Tony's Take


Let the Festivities Begin

Visionary director Ari Aster (“Hereditary”) returns with another harrowing tale in “Midsommar”.  Having just endured a horrific tragedy, Dani (Florence Pugh) is lost.  Her boyfriend Christian (Jack Reynor), who’s been stringing her along, is set to leave for Sweden with his friends Mark (Will Poulter), Josh (William Harper Jackson), and Swedish student Pelle (Vilhelm Blomgren).  With plans of attending the special, once-every-ninety-years Mid-Summer festival of Pelle’s home village, the group arrives and are in awe of what they see.  The townsfolk are dressed all in white, withthe children running around and the adults working.  Everything seems strange, but in a new-culture way.  However, as the festivities begin, things are clearly not as innocent and fun as they appear.  After witnessing a suicidal sacrifice, the outsiders begin to feel weary of their surroundings.  As the mysterious events continue, they begin to question everything they know; their safety and their sanity.

Last year, Ari Aster captivated the horror audience with his incredibly well-received “Hereditary”; proving he was near the top working in the genre and leaving fans in eager anticipation.  Well, have no fear.  “Midsommar” is a beautiful follow-up that is deeply unsettling and haunting.  As the film opens, Aster hits us with a gigantic emotional punch and tells you that the worst is yet to come.  Throughout the film, be sure to pay attention to Aster’s expertly-hidden plot elements and symbolism that are important in the climax.  The cast is well put together, but Pugh is the star and she proves she’s going to be a force to be reckoned with in her future.  I must warn you, “Midsommar” is NOT FOR THE FAINT OF HEART!  There are numerous visuals of disturbing and grotesque images as the story unfolds in-front of our very eyes.  What many filmmakers use for shock value, Aster uses it to serve and propel the narrative.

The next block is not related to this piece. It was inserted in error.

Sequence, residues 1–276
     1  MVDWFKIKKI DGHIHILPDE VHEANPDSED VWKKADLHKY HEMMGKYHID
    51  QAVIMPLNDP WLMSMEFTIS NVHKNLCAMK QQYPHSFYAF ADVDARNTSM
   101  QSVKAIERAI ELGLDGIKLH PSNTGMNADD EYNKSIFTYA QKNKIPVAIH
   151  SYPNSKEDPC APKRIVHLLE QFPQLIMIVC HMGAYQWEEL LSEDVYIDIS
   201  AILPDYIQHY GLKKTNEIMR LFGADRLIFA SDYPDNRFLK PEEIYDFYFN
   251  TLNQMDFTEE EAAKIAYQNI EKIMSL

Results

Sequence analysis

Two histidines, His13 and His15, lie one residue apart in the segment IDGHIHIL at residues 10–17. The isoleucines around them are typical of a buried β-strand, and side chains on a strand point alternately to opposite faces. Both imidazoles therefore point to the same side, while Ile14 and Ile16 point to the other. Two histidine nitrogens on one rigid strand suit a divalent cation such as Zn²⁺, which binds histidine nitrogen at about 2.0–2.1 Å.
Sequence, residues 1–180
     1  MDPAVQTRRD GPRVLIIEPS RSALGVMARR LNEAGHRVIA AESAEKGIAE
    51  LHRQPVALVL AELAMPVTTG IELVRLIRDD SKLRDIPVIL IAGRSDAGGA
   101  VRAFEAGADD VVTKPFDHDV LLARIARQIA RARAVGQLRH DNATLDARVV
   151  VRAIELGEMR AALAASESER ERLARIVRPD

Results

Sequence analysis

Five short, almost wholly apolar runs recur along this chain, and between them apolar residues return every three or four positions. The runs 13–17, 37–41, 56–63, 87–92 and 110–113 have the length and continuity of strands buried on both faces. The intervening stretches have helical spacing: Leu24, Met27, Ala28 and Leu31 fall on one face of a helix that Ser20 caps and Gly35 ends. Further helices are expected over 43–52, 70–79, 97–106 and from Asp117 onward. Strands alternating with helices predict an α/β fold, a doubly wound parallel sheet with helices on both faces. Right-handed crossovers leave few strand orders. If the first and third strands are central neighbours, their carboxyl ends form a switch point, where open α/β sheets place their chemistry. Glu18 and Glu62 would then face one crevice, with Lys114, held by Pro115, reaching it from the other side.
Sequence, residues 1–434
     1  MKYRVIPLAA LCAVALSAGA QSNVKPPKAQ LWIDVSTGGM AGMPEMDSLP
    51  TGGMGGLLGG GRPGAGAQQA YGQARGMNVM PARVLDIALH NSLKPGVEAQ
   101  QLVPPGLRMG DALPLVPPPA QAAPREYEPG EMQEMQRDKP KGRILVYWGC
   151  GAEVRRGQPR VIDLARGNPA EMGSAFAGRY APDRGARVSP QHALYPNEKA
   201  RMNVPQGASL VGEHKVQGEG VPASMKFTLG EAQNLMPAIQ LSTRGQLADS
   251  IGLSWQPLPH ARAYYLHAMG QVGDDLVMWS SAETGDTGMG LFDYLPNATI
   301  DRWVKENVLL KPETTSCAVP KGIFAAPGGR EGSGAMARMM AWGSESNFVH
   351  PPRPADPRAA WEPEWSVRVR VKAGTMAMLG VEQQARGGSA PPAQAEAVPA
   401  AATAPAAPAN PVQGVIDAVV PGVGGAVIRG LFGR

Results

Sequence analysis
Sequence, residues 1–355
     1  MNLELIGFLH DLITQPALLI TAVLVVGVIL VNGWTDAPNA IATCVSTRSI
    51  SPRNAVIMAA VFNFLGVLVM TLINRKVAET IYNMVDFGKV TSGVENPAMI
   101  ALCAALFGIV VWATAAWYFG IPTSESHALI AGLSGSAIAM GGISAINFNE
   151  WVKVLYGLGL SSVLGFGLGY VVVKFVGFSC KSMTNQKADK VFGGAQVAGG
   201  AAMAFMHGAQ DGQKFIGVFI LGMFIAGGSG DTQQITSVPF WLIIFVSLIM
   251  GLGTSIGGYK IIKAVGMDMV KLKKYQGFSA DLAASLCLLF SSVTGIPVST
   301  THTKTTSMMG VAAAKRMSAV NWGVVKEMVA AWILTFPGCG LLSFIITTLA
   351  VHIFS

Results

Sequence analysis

His gorgeous cinematography is crucial as well, showcasing the beauty of Sweden’s countryside; leaving the audience hanging on every moment and scene transition.  “Midsommar” is very much a slow burn at times, but you audience is left on the edge of their seat.  The 140 minutes feel a little long, but it is hard to find areas to trim.  So many important sequences hinge on the minute details and the masterful suspense.  The film will leave you speechless; fearful of the unknown and probably never planning a vacation to Sweden (especially with any Swedish friends).  It is 2 hours and 20 minutes of uneasy and unsettling haunting that can hardly be described as scary.  Truthfully, you’ll find yourself laughing more than you could have possibly expected.  It is a perfect balance of horror.  “Midsommar” is sure to be divisive, but regardless of your rating you will be impressed with Aster’s sheer audacity and creativity.

“Midsommar” is the latest offering from the visionary Ari Aster that will leave moviegoers on the edge of their seat and feeling very unsettled and deeply disturbed.  It will provoke thought and conversation, but it will undoubtedly leave you entertained and full of questions.  I cannot wait to see it again and I fully expect this film to have a place on my Top 25 list at the end of this year!  In a time where the horror genre is overpopulated, it’s incredibly refreshing that we can enjoy an outing like “Midsommar” that is both original and a stunningly-visceral nightmare!  


MIDSOMMAR is rated R for disturbing ritualistic violence and grisly images, strong sexual content, graphic nudity, drug use and language, in theaters JULY 3RD!